Legacy of Dr. Martin Luther King Jr. celebrated at annual prayer breakfast in Statesville
BY KARISSA MILLER
The life and legacy of Dr. Martin Luther King Jr. were celebrated Monday morning at the Statesville Civic Center in a room filled with people of all faiths and backgrounds.
The crowd was gathered for the 29th Annual Martin Luther King Jr. Community Prayer Breakfast, which was part of Statesville’s weekend-long celebration.
Musical performances by the MLK Celebration Choir and special guest speakers brought King’s message and this year’s theme, “Together we can be the dream,” to life.
Niyin Miller, a Pfeiffer University student and West Iredell High School graduate, welcomed the large crowd. He said it was a day to celebrate Dr. King, who was committed to achieving equality in a peaceful way.
He shared some facts that he learned about the civil rights leader, including that Dr. King was the first African-American named TIME magazine’s “Person of the Year.”
In closing, he said, “My urge to each and every one of you is to continue to be there for one another. Continue to be an active member of our society. Continue to be lifelong learners.”
Impact Church pastor Jason Davis delivered the keynote address and spoke about the foundation of Dr. King’s inspiration and motivation.
“It was well publicized that he had influence from Gandhi and others that influenced in him in nonviolence. The greatest influence as a Baptist preacher was this Jewish rabbi born in Nazareth,” Davis said.
The pastor talked about Jesus being asked what is the greatest commandment included in Matthew 22.
“He said, ‘The greatest commandment is to love the Lord your God with all your heart and with all your soul and with all your mind.’”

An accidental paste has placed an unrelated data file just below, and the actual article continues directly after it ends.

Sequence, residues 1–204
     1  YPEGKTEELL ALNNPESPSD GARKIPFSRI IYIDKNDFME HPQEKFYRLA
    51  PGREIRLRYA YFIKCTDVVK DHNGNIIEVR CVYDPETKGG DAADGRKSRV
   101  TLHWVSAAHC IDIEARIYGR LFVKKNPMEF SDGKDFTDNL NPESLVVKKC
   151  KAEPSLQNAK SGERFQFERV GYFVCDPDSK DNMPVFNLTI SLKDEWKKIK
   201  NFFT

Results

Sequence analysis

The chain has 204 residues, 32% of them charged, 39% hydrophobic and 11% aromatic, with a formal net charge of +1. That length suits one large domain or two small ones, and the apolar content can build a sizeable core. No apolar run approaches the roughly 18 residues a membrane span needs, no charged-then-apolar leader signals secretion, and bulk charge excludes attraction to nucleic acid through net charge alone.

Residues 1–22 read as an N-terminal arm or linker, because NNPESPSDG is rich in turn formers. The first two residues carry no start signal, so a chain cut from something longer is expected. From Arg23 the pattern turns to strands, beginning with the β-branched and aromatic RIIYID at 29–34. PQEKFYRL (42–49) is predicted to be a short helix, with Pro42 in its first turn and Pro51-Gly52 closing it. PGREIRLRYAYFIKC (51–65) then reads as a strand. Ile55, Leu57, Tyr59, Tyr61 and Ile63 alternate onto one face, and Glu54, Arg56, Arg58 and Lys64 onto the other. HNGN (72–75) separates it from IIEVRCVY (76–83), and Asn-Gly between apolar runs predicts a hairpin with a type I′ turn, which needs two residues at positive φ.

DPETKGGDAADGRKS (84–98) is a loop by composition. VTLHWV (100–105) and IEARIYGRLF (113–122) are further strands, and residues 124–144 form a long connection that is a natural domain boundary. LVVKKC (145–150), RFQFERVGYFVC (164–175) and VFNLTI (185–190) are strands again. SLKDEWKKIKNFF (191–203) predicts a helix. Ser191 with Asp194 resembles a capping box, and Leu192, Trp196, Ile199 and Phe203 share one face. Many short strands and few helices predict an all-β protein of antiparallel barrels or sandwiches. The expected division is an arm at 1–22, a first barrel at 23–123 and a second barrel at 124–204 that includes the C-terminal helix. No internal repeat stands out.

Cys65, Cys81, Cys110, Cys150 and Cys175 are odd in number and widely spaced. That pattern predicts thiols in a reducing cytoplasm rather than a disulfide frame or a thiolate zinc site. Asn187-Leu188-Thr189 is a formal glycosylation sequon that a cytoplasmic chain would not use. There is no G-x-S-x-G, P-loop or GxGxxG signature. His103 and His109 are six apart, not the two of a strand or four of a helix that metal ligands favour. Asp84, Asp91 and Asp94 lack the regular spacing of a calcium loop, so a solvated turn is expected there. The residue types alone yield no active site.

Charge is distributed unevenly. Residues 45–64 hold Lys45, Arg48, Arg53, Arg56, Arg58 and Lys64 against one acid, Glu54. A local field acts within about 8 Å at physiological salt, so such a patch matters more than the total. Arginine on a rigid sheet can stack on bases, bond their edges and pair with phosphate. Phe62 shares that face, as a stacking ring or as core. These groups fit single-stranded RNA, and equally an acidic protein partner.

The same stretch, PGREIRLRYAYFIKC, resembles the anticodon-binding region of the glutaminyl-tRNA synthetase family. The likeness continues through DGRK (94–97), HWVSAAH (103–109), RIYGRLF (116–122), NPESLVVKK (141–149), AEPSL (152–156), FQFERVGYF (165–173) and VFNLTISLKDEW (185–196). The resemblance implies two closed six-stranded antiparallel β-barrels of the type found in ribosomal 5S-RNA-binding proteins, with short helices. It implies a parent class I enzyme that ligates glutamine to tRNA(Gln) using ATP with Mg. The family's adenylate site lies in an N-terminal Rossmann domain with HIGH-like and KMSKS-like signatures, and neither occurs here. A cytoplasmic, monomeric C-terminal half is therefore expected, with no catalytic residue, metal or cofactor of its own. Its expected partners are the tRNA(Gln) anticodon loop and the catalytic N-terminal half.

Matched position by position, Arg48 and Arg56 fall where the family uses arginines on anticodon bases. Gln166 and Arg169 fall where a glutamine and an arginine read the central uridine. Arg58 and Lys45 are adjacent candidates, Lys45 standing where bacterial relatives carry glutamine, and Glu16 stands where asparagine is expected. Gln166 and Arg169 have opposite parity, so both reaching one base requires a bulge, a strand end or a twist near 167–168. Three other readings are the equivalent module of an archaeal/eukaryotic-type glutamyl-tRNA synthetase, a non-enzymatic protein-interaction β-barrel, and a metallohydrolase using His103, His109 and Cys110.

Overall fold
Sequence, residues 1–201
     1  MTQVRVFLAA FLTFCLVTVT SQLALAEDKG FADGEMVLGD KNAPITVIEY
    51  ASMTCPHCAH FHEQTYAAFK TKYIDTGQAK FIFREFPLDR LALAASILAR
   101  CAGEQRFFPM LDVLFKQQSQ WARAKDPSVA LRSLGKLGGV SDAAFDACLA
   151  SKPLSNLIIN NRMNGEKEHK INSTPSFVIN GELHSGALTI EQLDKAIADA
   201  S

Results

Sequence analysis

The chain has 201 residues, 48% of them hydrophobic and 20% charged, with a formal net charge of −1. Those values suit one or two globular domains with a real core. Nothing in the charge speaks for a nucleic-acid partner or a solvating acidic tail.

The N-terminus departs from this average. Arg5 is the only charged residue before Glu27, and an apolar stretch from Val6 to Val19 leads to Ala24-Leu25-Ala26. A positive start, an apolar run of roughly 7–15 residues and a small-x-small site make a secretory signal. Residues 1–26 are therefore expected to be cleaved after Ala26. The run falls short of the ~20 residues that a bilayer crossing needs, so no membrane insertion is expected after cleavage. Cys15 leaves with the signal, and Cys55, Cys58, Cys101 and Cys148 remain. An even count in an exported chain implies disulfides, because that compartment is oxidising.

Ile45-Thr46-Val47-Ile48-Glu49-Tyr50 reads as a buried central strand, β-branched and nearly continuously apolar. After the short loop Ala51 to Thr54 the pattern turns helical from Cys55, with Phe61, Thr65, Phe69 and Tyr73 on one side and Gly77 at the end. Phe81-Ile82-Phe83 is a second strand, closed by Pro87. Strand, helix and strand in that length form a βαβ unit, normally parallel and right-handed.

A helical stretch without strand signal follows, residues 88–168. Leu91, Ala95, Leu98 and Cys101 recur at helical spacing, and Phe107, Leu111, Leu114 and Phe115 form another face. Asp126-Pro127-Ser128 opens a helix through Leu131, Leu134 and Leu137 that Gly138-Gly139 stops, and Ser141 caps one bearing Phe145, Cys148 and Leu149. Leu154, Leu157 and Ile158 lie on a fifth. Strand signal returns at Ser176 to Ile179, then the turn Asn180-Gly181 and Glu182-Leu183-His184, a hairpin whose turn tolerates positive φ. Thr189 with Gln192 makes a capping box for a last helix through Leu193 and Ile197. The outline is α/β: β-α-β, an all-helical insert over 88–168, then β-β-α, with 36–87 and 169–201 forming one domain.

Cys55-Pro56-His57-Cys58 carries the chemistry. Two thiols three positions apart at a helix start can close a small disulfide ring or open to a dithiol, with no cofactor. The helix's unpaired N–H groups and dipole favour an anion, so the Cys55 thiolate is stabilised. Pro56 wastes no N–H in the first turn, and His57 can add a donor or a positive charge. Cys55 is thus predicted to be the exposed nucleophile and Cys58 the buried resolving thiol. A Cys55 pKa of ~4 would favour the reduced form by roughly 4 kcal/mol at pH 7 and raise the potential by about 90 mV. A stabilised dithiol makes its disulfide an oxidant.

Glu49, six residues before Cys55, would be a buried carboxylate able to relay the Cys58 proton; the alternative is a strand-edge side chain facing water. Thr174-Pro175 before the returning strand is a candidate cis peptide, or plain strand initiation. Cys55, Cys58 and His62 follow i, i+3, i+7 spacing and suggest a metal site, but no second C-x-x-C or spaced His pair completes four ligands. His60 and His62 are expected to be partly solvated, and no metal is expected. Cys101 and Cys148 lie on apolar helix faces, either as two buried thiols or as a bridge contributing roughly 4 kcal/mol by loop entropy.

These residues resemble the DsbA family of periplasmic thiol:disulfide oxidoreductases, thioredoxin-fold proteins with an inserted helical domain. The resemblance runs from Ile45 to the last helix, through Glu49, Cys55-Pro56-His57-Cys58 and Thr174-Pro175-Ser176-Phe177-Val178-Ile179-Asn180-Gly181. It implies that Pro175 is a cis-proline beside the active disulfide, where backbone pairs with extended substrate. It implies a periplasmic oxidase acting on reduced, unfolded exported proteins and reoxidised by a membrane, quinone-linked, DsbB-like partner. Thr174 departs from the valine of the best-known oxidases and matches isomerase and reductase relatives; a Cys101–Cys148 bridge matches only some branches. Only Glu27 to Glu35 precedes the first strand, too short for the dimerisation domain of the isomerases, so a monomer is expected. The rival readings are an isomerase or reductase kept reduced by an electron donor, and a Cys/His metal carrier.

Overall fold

Jesus didn’t stop that answer there, adding “Love your neighbor as yourself.”
“They expected him to answer with one commandment, but he answered with two,” Davis explained. “Then he ended it with this statement, ‘This is the greatest commandment.’ ”
Dr. Martin Luther King Jr. received a majority of his inspiration from Jesus. Once you read through Dr. King’s letters and sermons, you will draw those conclusions, he said.
“That man Jesus was more than a teacher or rabbi, but was his savior. It was the one he received his instructions and marching orders from. Although he had a million reasons to despise and have malice in his heart, he chose to believe and live the words of Jesus,” Davis said.
Davis said that he’s learned through 20 years of pastoral experience that “most people who hate others, hate the person in the mirror first.”
“When you despise the person in the mirror, you start despising the people around you. When you start despising the image you are made in, then you start despising the one who made you in his image,” Davis said.
Those who see themselves as created in the image and likeness of God, he said, have dignity, value and purpose.
“You cannot lift up your hand in worship and despise someone that is your neighbor,” he said.
During the ceremony, Statesville Mayor Costi Kutteh issued and read a proclamation in honor of Martin Luther King Jr. Day.
“What I’ve learned is if I can make myself a better version of myself tomorrow than I was today then we will accomplish the dream,” Kutteh said.
He encouraged all attendees to make themselves the best version of themselves every day.